Here, I must declare an interest, both as a magistrate, now on the supplementary list, and as a member of the Magistrates' Association, perhaps number 17,000. In other words, as was said at Second Reading, I would formerly have represented the landowning, mine-owning, brewery-owning class. How things have changed today. Now I can speak for the white, middle-aged, middle-class tendency. Of course, our participation in this debate, which is

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perhaps permissible on the grounds that we deal with well over 90 per cent of criminal cases tried in this country, seems to have disturbed some noble Lords at Second Reading. For example, the noble Lord, Lord Thomas of Gresford--I hope that he will not mind my mentioning this; we have worked together in the past, and happily so--said in that debate:

    "If the Magistrates' Association wants to get involved in this argument on the side of the promoters of the Bill, I believe that the spotlight should be turned on that system ... It is ... an enclosed system with which magistrates on the whole are very pleased. But it is not the envy of the world".--[Official Report, 2/12/99; col. 932.]

unlike, presumably, the rest of the British legal system. Well, aficionados of the annual criminal justice Bills over the past 10 years may well have formed a view that others in the legal profession qualify for that assessment as well.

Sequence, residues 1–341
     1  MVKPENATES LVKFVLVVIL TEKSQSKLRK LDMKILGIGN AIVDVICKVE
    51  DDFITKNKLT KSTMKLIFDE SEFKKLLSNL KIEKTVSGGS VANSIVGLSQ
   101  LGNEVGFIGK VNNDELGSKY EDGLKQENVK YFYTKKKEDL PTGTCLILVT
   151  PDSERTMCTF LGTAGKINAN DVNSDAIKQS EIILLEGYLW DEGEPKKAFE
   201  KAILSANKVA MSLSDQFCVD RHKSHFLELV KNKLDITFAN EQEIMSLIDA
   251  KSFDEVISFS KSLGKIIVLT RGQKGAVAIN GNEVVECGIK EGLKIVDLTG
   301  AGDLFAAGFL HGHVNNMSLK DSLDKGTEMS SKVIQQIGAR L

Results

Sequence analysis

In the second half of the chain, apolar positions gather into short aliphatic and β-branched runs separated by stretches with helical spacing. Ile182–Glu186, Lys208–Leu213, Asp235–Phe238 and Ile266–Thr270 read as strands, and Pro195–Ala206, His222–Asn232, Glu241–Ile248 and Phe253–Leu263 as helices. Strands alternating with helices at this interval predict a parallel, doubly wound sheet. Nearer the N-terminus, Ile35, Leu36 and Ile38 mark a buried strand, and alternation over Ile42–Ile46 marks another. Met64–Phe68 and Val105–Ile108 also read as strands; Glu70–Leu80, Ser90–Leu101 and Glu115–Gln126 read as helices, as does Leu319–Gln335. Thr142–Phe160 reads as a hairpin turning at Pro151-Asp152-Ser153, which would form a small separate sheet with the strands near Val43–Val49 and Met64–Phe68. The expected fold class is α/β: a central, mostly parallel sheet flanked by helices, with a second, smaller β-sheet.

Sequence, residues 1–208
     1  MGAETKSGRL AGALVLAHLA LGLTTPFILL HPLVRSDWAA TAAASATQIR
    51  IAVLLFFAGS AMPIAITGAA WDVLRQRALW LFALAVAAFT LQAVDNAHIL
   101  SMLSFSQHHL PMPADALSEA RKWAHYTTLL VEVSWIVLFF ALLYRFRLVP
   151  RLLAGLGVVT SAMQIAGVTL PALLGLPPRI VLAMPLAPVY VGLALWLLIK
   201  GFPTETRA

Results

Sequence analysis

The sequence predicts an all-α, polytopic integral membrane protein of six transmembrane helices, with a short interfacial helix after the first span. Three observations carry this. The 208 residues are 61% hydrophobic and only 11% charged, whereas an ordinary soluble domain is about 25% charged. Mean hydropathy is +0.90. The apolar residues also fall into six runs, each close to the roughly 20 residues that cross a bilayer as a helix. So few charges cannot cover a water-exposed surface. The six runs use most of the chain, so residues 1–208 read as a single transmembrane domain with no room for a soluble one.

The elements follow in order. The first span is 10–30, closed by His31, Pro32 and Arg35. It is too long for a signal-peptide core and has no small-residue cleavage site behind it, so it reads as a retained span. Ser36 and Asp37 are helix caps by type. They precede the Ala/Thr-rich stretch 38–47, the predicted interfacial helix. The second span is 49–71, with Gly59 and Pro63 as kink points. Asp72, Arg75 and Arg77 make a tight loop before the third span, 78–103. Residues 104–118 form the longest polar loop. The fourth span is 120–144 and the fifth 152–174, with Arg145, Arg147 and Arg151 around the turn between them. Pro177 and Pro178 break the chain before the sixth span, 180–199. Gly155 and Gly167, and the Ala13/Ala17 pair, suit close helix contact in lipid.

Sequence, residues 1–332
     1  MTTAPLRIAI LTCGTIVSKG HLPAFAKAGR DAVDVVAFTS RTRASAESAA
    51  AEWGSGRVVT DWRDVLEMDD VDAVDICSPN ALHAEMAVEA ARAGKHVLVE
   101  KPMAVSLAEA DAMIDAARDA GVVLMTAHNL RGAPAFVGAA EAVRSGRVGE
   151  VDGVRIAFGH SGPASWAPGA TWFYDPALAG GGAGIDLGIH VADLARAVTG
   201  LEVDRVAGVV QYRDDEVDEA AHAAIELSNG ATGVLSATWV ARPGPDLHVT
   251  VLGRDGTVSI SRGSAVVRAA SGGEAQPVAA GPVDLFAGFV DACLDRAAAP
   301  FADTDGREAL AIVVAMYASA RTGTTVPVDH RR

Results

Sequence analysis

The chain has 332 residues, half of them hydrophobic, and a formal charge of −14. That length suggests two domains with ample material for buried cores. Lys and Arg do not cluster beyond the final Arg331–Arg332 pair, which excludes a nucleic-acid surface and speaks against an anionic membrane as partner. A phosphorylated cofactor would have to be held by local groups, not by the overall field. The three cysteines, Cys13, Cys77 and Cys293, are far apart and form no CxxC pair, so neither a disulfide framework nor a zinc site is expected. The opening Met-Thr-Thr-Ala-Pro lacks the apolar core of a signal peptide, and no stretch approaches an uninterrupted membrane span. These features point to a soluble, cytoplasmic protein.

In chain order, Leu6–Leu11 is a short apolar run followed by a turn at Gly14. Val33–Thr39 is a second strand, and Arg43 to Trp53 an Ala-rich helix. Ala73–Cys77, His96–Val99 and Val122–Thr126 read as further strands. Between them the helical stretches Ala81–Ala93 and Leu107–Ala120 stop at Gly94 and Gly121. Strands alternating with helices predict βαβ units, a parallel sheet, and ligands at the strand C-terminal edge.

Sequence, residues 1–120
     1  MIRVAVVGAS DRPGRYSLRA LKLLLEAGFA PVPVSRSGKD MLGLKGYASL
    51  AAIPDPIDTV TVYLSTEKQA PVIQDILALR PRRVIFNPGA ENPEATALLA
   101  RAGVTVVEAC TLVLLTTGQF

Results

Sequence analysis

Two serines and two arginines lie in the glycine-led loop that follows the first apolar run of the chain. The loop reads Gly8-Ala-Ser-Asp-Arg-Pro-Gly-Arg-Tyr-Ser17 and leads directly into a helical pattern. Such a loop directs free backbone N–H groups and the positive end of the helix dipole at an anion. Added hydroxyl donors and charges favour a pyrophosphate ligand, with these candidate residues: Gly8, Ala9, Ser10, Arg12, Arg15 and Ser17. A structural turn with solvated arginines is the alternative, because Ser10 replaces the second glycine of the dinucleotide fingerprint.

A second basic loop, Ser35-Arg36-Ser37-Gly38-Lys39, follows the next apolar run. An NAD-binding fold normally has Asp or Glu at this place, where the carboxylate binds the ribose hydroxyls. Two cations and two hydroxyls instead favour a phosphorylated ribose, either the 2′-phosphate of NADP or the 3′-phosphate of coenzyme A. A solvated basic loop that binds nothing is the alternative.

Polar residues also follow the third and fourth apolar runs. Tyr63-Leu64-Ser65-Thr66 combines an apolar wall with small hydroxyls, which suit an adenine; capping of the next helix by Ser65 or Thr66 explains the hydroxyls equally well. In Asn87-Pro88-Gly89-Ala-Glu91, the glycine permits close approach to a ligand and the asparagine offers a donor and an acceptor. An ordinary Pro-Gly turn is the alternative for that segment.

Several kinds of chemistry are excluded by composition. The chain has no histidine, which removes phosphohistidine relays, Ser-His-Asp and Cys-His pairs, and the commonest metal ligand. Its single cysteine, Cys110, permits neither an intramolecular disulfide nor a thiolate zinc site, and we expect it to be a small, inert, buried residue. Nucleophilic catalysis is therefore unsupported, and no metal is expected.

However, I feel that I should correct for the record the noble Lord's assertion, at col. 933:

    "Advice is given in retirement and not in open court".

I can testify from personal experience that that assertion is mistaken. In fact, if it had happened in any court with which I had been associated, all hell would have been let loose.

The noble Lord will probably now recall a practice direction from the Lord Chief Justice as long ago as 1981 expressing displeasure at that practice, which admittedly took place in the bad old days chronicled so colourfully by the noble Lord. In any event, the Human Rights Act 1998 will ensure that such practice will be illegal from 1st October this year, and, indeed, that such conduct will be dealt with retrospectively.